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A different view of sight-seeing

The town of Denbigh offers a unique experience to visitors. It is where nature and history come together in a fascinating environment, it’s surprising and engrossing, quirky and hospitable. Denbigh offers a compelling alternative to some of the better-known destinations in North Wales.

Impressive architecture and ancient buildings feature prominently here, the most famous of which is Denbigh Castle. Built in 1282, it enjoys spectacular, panoramic views of the Clwydian Range. With a striking, triple-towered gatehouse, the fortress has an on-site exhibition and is maintained by Cadw, the Welsh historic monuments body.

The Town Walls held back Oliver Cromwell’s Roundheads during the Civil War and now you can walk along them and enjoy the same breath-taking views across the Vale of Clwyd that the defenders of the town saw all these centuries ago. Call at the Castle or Town Library if you would like to borrow the keys to the town walls.

The Burgess Gate was the main entrance to the old town and one of the strongest medieval town gateways in Britain. Its twin towers form part of the symbol on Denbigh’s civic seal. Another building worth a look is Leicester’s Church, and although never completed, it was built by Robert Dudley, Earl of Leicester, reputedly Queen Elizabeth I’s lover.

Many historic buildings open their doors to the public during annual heritage weekends. They include an old butter market, a Carmelite monastic house, the old Bull Hotel, Bron y Ffynnon (a Tudor townhouse), the churches of St Mary’s and St Marcella’s, chapels such as Capel Mawr, Pendref Chapel and Swan Lane Chapel.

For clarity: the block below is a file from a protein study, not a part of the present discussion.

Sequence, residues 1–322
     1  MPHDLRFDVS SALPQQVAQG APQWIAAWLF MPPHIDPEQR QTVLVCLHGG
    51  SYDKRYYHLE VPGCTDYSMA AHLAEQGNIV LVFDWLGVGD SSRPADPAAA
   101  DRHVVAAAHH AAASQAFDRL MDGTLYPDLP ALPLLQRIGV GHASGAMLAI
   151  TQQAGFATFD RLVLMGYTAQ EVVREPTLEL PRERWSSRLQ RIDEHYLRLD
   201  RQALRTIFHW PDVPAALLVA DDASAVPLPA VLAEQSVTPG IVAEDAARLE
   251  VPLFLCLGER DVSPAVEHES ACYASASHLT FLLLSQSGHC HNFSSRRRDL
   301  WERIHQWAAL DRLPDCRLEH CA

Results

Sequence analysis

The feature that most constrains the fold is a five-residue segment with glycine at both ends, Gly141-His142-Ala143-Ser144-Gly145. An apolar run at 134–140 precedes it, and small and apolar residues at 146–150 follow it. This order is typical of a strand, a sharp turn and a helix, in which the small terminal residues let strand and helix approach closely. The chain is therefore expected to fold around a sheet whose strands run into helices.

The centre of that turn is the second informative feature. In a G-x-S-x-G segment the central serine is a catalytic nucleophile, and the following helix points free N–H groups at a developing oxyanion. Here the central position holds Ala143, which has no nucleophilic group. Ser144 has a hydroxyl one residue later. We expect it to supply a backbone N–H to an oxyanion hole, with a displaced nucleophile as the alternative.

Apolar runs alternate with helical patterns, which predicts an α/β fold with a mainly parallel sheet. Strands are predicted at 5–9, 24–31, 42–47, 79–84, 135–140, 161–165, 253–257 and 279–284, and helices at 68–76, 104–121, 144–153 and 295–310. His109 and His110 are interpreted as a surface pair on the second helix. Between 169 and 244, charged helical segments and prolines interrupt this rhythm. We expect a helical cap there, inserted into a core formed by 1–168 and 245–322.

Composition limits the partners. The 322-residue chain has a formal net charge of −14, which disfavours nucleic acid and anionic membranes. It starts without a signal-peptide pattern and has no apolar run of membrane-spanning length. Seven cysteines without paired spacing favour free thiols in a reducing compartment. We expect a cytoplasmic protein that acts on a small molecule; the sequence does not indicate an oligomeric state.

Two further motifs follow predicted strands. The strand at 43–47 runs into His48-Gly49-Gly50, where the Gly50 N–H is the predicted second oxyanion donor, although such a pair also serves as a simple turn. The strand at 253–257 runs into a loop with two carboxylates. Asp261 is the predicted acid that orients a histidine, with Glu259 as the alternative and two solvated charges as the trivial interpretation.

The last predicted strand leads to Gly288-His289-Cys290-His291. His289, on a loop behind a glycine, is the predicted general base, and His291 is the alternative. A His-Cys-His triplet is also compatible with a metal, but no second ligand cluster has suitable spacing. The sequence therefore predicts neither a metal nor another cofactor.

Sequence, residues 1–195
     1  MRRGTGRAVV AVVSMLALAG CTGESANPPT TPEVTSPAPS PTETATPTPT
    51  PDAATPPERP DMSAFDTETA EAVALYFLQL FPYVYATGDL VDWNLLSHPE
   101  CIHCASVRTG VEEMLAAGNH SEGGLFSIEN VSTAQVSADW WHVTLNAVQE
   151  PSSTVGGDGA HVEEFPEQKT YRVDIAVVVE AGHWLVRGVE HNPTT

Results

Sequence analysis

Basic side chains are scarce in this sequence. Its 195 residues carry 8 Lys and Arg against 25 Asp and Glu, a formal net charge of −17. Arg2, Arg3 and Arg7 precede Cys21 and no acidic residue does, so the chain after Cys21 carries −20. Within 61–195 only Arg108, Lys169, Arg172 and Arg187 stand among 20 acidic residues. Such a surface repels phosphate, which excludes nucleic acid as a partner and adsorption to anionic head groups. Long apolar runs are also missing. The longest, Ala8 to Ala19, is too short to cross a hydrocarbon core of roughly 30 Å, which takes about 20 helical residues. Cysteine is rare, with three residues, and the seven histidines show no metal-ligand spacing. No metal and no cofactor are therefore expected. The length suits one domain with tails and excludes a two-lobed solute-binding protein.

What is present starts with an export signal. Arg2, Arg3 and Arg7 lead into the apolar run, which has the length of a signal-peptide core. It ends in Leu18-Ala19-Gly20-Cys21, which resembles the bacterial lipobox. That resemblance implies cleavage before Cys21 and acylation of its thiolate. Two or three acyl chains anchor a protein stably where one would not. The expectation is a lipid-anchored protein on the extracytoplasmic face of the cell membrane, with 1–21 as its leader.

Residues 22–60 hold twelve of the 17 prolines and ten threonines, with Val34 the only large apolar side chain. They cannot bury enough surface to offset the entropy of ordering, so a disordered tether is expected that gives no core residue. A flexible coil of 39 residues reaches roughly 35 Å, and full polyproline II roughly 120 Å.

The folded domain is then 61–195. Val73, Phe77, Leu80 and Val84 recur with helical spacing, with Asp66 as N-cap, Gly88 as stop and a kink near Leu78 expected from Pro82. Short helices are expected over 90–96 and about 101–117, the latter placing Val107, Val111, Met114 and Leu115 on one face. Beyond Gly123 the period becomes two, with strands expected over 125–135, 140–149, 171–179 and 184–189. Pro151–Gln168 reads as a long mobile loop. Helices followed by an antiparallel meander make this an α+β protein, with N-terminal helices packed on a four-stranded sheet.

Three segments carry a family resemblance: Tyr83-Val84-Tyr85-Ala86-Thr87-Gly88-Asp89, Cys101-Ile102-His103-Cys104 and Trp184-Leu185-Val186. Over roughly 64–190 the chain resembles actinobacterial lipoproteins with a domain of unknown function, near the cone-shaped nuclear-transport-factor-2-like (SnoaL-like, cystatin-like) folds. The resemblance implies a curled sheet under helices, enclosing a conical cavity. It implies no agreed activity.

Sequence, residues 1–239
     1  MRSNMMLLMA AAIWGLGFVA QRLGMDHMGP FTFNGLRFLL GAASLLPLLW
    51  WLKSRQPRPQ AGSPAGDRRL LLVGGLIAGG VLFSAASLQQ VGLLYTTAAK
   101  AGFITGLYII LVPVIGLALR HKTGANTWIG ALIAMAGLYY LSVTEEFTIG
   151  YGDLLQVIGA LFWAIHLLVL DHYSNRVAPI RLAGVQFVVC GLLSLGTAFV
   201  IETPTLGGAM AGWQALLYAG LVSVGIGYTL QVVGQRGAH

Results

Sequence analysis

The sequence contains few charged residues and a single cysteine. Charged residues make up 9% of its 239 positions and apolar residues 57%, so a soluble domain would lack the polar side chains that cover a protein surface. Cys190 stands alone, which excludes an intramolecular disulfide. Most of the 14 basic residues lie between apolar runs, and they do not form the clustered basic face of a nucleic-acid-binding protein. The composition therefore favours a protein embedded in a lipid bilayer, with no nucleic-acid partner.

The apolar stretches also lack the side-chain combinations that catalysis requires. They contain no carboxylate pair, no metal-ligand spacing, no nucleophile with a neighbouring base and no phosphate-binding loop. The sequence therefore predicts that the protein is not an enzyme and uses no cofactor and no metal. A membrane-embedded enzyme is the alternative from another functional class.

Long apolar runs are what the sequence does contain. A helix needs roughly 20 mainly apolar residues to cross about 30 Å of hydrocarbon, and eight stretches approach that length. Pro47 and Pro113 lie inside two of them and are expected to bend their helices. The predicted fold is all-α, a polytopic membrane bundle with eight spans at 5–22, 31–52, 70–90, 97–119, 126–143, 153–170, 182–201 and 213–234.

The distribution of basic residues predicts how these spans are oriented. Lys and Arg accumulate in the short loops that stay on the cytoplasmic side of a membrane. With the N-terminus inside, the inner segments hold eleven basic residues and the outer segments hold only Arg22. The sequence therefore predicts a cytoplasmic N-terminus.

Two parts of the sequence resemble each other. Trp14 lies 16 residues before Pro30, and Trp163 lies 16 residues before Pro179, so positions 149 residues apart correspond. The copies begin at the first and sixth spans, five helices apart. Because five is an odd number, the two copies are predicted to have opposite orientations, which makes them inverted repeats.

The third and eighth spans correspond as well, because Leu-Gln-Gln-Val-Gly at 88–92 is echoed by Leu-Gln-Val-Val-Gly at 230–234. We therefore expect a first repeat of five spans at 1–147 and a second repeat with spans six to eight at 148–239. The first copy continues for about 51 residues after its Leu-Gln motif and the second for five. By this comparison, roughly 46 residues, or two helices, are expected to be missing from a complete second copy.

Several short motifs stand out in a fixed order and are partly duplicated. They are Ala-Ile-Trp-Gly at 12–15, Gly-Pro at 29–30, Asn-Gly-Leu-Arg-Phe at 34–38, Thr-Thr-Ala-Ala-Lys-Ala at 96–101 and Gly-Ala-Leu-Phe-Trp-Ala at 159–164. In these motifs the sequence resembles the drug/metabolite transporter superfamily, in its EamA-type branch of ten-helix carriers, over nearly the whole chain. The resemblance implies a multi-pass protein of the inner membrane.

A figure from the past looming large over the town is Dr Evan Pierce, a 19th century medic. A 50-foot statue and memorial gardens in Vale Street are dedicated to his memory.

The Welsh radio museum, Wireless in Wales, is a small radio museum with a difference. With its emphasis on the history of Broadcasting in Wales, the influence of broadcasting on our national identity and the contribution of the Welsh to the development of wireless technology, this museum is unique. We have an interesting collection of old radio devices as well as educational and informative displays. The museum is open every Friday from 11am until 3pm plus the first Saturday of every month (11am - 3pm) and at other times by arrangement.

The 1950’s Museum

This private collection will appeal to everyone with an interest in the 1950’s!

Memorabilia from the worlds of showbiz and crime – including the actual lorry used in the Great Train Robbery – classic cars, sports paraphernalia (especially boxing) and 1950’s rooms with furniture and domestic appliances.

Enjoy a cup of tea in our café when you visit our 50’s museum or bring a picnic and eat alfresco whilst enjoying the scenery of the Vale of Clwyd. Home made and retro products on sale in our shop.

Theatr Twm o’r Nant

Dating from 1890, Theatr Twm o’r Nant was built as a Memorial Hall by Dr Evan Pierce, whose statue can be seen in the Dr Evan Pierce Memorial Gardens 50 metres away.

This community theatre hosts not only professional and amateur drama productions, but also cinema shows, musical and dance events. It is widely used for rehearsals by local bands and drama groups, as well as individual students and schools.

Parking is no problem and hiring rates are competitive. The theatre is a perfect venue for conference and business events.

For further information about hiring or forthcoming events, please visit: or phone 01745 814323 / 812349.